How to Make Smart Debt Decisions
The 12 Steps to Living Confidently: How to Make Smart Debt Decisions
Is debt the D in our DNA? Seems to be. The day after a Stone Age genius invented the wheel, a fast-talking salesman was probably advertising hot deals—low cost financing!—on a new set of wheels. Going into debt—using someone else’s money to buy something we want—is still how many of us pay for big-ticket items like cars, houses, and college educations. But should it be? When we look at the most financially and emotionally confident Americans, they are long-term planners with clear and attainable goals who live within their means.
Maybe you’re currently more of a Day to Day Decision Maker, Ambitious Spender, or Retirement Realist. That’s OK. Learning the behaviors of the financially and emotionally confident, and becoming savvy about debt, can help you down the road to living confidently, no matter your DNA. Here are some tips to help you make smarter debt decisions:
Keep your mortgage payment to 15% (or less) of your gross monthly income. Let’s say your household makes $60,000 in pre-tax income. That’s $5,000 per month. So, you should try to keep your monthly mortgage payment at or below $750. Higher mortgage payments squeeze out your ability to save, can make it difficult to afford other necessities, and can tempt you to put those necessities on credit cards. Don’t try to keep up with Joneses. The likelihood is that they are being crushed under the weight of the debt of their brick McMansion. Use a budget worksheet to find out what you can comfortably afford.
Don’t rush to pay off your mortgage. Keep up with your payment schedule, but don’t be in a hurry to pay off your entire loan. (Unless you’re close to retirement – see below.) Mortgage interest rates are currently around 4%, and that’s cheap money compared with other lending sources. Plus, mortgage interest is tax deductible, which helps you save money. If you can refinance at a significantly lower rate, go for it, providing the fees aren’t too high.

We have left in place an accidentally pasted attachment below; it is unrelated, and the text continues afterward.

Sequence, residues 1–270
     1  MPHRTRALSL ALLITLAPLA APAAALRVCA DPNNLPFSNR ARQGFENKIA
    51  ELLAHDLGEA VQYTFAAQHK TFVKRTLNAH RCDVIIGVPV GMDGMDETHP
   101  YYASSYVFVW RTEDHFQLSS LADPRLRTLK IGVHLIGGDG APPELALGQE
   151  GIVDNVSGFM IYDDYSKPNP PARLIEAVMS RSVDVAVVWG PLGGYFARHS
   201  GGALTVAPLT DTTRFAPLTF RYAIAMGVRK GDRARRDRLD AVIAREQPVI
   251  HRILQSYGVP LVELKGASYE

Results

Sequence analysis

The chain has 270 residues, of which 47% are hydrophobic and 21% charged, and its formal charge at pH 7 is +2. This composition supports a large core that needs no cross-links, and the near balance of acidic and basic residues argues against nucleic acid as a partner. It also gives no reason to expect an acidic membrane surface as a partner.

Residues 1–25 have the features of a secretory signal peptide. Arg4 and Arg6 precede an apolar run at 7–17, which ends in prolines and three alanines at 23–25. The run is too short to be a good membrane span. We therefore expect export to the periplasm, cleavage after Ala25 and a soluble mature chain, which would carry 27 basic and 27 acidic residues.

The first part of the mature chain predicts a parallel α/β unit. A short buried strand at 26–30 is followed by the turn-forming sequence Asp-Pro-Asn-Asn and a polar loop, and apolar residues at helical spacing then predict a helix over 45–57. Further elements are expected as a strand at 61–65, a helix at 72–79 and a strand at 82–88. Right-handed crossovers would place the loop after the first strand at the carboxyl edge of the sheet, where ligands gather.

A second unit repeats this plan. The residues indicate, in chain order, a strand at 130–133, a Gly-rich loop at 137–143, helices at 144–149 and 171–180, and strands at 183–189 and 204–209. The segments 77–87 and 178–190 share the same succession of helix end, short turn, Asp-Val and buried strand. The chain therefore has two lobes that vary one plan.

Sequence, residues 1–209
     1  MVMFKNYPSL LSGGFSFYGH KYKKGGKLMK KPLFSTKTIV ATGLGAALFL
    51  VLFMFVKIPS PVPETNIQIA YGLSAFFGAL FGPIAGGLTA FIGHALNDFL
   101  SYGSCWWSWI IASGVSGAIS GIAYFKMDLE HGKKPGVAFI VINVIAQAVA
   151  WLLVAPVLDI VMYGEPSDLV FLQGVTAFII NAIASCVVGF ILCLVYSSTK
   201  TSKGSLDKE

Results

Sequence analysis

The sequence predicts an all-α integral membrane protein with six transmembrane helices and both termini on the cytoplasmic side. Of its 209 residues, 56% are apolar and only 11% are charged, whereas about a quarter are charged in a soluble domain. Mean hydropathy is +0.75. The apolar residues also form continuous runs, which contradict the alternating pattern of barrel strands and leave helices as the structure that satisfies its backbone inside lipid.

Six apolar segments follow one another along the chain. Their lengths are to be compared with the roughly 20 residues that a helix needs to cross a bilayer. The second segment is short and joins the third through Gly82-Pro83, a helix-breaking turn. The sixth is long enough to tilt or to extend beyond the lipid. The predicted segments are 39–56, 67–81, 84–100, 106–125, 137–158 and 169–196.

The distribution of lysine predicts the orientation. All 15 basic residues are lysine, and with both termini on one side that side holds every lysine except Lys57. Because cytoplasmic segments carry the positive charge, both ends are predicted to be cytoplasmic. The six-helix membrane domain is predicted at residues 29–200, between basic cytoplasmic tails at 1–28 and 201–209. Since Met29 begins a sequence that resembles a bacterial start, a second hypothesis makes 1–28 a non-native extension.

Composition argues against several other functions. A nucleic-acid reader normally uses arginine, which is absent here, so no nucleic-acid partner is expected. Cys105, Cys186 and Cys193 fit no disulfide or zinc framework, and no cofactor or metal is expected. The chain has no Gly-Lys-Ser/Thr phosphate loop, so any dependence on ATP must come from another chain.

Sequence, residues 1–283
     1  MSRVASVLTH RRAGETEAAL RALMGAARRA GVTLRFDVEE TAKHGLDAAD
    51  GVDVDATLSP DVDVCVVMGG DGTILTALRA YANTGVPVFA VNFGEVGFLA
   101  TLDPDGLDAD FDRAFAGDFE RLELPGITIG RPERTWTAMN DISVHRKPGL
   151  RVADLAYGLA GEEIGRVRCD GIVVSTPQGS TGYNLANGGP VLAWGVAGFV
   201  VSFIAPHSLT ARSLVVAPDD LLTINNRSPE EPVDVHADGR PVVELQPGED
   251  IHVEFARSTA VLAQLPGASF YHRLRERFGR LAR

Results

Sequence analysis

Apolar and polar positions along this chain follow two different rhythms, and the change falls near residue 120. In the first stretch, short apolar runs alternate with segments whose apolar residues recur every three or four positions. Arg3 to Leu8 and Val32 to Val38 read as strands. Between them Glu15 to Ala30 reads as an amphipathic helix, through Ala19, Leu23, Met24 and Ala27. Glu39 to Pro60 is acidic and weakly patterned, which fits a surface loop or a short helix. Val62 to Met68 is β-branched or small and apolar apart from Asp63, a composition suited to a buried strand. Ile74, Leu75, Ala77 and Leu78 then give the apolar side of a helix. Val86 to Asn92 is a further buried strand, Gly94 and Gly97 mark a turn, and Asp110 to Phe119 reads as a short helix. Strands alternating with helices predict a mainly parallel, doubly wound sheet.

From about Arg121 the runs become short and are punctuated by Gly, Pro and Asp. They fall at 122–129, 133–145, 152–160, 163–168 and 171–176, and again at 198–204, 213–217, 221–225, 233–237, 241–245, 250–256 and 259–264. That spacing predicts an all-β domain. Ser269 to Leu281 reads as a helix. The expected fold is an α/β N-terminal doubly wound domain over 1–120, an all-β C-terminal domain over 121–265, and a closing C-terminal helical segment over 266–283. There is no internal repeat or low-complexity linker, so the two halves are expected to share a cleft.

Take big swings at credit card debt. For starters, stop using the card. Try to pay more than the minimum, and be on time. If you can’t pay off your balance, try, for example, sticking to an amount above the minimum that you can afford and set up an automatic payment. Carrying a large balance forward on your credit cards is like pushing the same boulder up the mountain, month after month. You’ll never get out from under the obligation. Also, you’re subject to escalating fees for each late payment you make.
But don’t strike out on protection. It’s also important to remember that you still want to have protection measures in place, or at least be actively building them, while paying down your debt. This includes things like a six-month cash cushion and appropriate insurance coverage. Allocating every dollar towards paying off your debt without building up your savings cushion is a classic mistake. Why? You could pay down all your debt, then be hit by an unexpected expense, and go right back into debt again.
Ride into retirement debt-freeish. As you get older, your income typically decreases and major debt can become a problem. Try to pay off your mortgage before you retire. If you have credit cards with high interest rates, use them less frequently and pay them off promptly. The less you owe, the more confidence you can have that your retirement income will see you through. This retirement calculator can help you estimate your future expenses.
Finally, get help if you need it. If you’re struggling with debt, or just want to improve your financial outlook, there are experts who can help. Financial professionals are trained in the art of organizing your finances and can walk you through the steps to becoming financially and emotionally confident.